“The Harvard of the Unwoke”
Ben Sasse, the president of the University of Florida, has some unorthodox views on college policy.
In an interview, James Taranto, the WSJ’s editorial features editor, asks President Sasse if calls for the genocide of Jews is a violation of the University of Florida’s bullying and harassment policy?
“Yes,” says the former eight-year Senator Ben Sasse.
Given that three college presidents equivocated when lawmakers asked that question in a congressional hearing last month, it’s refreshing to know Ben Sasse understands entrapment when faced with it.
Mr. Sasse—who came to Florida a year ago after eight years as a U.S. senator from his native Nebraska—is a deft enough politician to parry a gotcha question.
Mr. Taranto leans in, raising the issue of free speech. “Not so simple,” declares Mr. Sasse, a self-proclaimed “libertarian zealot.”
(Sasse) emphasizes that the Constitution “draws a deep, deep line at speech and action,” that “threats are the front edge of action,” and that “orchestrated plans, or getting to a definable way of targeting specific people, is when speech ceases to be deliberation.”
… Mr. Sasse wants to re-establish a strong core curriculum, which he sees as not only a benefit to students but a necessary public good. “If we’re going to pass on the meaning of America to the next generation, it doesn’t happen in the bloodstream,” he says. “You actually have to teach what America is to the next generation.”
One of These Things Doesn’t Belong
While similar, what’s so different from the answer President Sasses gave and those of Harvard’s Geraldine Gay or MIT’s or Penn State’s woke presidents?
Liberal arts are his educational vision, Sasse tells Mr. Taranto.
“I think the best people to navigate a complex world are people who have a broad worldview and are well and widely read.” He wants to institute a “dual core” so that humanities majors would be required to take courses in science, technology, engineering and math and STEM majors in the humanities.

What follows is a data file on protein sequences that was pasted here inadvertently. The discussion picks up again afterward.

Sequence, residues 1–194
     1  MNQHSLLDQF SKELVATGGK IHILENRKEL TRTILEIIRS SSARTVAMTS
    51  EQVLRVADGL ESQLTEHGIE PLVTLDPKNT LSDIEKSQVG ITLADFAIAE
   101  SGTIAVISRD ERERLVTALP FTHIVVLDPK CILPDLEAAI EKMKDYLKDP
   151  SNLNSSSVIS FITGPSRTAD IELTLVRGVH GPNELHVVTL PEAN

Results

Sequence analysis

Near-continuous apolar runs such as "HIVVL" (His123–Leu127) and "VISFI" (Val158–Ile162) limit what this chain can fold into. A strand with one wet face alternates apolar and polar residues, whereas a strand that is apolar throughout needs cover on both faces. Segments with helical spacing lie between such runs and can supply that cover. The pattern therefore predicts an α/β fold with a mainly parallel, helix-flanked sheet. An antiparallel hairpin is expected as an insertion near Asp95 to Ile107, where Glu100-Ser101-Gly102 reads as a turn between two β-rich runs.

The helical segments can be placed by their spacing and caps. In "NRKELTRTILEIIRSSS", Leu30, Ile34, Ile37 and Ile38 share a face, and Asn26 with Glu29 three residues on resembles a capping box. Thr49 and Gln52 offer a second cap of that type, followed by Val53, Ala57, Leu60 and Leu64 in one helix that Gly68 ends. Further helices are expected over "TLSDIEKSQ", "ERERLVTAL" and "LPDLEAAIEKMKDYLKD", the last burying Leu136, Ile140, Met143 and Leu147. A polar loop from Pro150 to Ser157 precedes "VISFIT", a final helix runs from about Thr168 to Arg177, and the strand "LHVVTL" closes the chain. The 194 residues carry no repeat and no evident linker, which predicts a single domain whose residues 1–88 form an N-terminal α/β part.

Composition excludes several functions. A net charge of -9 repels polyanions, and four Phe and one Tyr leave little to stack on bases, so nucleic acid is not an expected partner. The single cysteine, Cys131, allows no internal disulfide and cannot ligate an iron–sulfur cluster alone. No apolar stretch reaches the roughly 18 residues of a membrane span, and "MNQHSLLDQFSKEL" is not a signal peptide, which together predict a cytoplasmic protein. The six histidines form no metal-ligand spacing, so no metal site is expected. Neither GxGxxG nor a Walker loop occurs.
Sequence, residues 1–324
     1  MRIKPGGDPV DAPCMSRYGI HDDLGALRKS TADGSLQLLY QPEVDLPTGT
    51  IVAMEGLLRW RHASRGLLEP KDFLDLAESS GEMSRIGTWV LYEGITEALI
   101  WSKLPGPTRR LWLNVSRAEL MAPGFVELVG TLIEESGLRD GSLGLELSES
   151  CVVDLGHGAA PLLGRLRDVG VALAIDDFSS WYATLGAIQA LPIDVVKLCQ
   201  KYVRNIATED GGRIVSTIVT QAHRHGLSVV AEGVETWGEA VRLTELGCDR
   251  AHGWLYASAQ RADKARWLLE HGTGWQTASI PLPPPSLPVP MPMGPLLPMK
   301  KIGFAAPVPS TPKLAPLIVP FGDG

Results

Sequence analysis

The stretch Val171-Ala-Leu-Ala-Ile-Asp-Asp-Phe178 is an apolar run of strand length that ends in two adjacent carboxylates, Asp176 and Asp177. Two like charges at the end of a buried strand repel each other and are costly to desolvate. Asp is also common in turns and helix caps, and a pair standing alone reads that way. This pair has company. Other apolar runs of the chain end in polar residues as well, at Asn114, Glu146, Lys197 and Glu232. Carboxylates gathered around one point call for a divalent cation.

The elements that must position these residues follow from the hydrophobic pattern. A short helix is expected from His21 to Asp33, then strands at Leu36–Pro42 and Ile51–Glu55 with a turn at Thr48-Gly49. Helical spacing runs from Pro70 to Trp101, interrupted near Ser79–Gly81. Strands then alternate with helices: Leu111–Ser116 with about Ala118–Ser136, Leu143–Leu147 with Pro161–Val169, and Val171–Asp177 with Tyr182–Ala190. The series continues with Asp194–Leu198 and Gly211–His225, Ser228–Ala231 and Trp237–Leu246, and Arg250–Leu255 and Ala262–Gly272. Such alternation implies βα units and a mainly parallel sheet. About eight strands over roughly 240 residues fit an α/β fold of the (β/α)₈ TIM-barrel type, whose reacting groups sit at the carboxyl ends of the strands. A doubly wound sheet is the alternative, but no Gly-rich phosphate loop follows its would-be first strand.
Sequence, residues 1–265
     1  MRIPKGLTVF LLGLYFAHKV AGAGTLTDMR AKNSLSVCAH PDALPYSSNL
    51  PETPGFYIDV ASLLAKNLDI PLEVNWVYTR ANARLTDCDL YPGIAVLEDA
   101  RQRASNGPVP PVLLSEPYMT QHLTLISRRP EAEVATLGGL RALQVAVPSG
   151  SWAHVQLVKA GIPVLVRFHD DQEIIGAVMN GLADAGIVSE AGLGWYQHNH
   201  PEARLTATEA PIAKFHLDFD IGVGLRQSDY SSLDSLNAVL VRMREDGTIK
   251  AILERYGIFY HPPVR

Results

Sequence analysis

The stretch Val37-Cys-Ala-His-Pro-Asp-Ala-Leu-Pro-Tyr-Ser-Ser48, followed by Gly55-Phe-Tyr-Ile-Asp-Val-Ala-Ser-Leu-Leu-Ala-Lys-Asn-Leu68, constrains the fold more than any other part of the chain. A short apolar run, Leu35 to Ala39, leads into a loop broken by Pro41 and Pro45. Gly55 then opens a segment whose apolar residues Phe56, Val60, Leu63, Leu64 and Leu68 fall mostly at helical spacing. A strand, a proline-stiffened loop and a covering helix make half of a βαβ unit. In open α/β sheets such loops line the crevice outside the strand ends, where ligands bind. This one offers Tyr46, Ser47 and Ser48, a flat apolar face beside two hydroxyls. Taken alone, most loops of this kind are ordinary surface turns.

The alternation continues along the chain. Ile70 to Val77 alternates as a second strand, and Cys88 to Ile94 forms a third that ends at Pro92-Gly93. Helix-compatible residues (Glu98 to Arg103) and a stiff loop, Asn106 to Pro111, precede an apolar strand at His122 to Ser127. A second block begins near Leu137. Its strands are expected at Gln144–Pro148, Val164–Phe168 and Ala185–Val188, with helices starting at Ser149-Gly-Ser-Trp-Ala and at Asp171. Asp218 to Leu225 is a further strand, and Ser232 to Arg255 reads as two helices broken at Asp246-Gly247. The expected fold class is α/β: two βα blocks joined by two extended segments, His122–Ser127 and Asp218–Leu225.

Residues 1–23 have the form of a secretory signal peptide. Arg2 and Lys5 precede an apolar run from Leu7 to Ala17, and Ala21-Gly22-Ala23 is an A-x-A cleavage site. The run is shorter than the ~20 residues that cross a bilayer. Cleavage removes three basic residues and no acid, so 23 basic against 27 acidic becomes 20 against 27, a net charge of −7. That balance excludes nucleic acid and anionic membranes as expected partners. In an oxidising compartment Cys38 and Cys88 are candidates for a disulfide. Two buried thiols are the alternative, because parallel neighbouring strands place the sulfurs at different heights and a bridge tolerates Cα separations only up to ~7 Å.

(Sasse) sees the crisis in higher ed as having arisen in part from an overemphasis on training for employment. In the mid-20th century, he explains, “We were going through the late stages of the Industrial Revolution and the very, very early stages of the rise of knowledge-economy jobs.” With the need for farm labor rapidly dwindling and factories becoming more efficient, “you have a whole bunch of people who are just not going to be able to have brawn jobs for their whole life.”
Anticipating that World War II veterans would need training, Congress enacted the GI Bill in 1944. “So you grow higher ed as a sector with an assumption that this is going to be practical first.”
Trump Supported Sasse’s Policies
A reporter observed that the departing Senator Sasse “had expressed concerns about Trump’s authoritarian streak,” but “did vote with Trump 85% of the time.”
The Senator responed: “I’m gonna flip it on you and say he supported my policies.”
And unlike many other Trump detractors, Mr. Sasse also expressed concerns about the left’s authoritarian streak.
Take Care Not to Burn Every Institution
James Taranto’s didn’t make the trip to Gainesville to talk politics. Supporting Taranto’s line of thinking, Sasse admits that he “signed a 36-month pledge of partisan neutrality,” following the example of Mitch Daniels, the former Indiana governor and Purdue University president.
But (Sasse) touches on the subject … he worries that “the collapse of a belief in classical liberalism is what’s eating up all of these institutions,” including but not limited to universities. He blames this on both the “wokes” who have managed to “hijack” those institutions and the “super MAGA” types who would rather destroy than save them.
Anxiety with the Digital Revolution
Lots of institutions are going to be bankrupted by the digital revolution,” and that disruption is made more dangerous by the “ideological warfare about every institution.” (Sasse) would like “to conserve and preserve and reform and change and reorganize lots of institutions, and that requires you to have more of a public definition of what you’re there for.”
What’s Wrong with DEI
Ben Sasse explains to Toronto what’s wrong with DEI. It is “the E.” He blames the embrace of “equity” at the expense of equality. “
The fundamental problem is saying that Martin Luther King can’t fit in the new communities of know-it-all ideological-indoctrination bureaucrats that run most universities in the country. . . . .
MLK doesn’t fit because of his aspirations for a colorblind society.
Taranto asks if people can have a different view than MLK?
“Of course.” But “the ideological conformity of mandating that equality of opportunity is wrong and bigoted, it has to be excluded from our discourse—those people are crazy.”